I thought I heard him say he was sick in mind. It didn’t sound like something he would say. How could I know what he would say next? He was supposed to attempt to say whatever came to mind. Sick in bed came to my mind. Why was I questioning his associations on the couch? My job was to listen. Perhaps he was judging himself for something he’d done either in reality or in his imagination or in both. Fantasy was important in this room. He’d stopped speaking. For how long had he been silent? His words, sick in mind, returned to me. I heard myself say aloud: “You sound sad, as if you believe that you are sick in mind and that you can’t recover from it.” “I feel as if I were in bed and I don’t want to get up.” Maybe he felt trapped, in his mind, in his body, and he experienced himself as helpless. Perhaps I felt trapped. Trapped and helpless reminded me of his words, sick in mind. Now I remembered more of what he’d said along with those words. The words had come to him in a dream, in which a man, who stood nearby in the darkness, said that he was sick in mind. Awake, on the couch, my patient seemed to believe the dream figure’s words. Was I somehow this figure in the darkness? I imagined myself lying down. Maybe the middle-aged man before me on the couch was ready to get to his feet and walk out the door. I would become the one sick in mind and unable to recover. Time was running out. In a few minutes we would separate until next time. Until then our focus would be his mind.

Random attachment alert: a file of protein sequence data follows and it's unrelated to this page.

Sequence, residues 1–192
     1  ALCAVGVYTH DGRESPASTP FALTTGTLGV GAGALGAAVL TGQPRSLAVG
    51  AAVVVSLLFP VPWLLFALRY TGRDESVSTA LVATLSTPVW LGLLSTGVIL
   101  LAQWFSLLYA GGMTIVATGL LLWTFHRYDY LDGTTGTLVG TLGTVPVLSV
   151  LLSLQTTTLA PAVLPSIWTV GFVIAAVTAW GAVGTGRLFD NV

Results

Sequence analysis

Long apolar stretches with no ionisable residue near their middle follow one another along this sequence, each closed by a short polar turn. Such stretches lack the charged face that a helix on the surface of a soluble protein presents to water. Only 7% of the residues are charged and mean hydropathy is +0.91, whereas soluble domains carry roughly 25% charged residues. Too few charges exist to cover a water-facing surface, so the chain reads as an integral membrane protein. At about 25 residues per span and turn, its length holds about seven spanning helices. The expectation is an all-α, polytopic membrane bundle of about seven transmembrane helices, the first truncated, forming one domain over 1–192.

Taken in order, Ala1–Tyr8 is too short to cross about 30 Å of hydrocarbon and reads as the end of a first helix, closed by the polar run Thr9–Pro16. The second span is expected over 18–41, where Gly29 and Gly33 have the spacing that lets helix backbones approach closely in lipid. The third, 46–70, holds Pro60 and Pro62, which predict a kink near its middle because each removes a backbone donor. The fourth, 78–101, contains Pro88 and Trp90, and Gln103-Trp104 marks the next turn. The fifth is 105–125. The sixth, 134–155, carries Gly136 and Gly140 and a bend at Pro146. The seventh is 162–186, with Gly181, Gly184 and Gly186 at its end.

Afraid of Being Wrong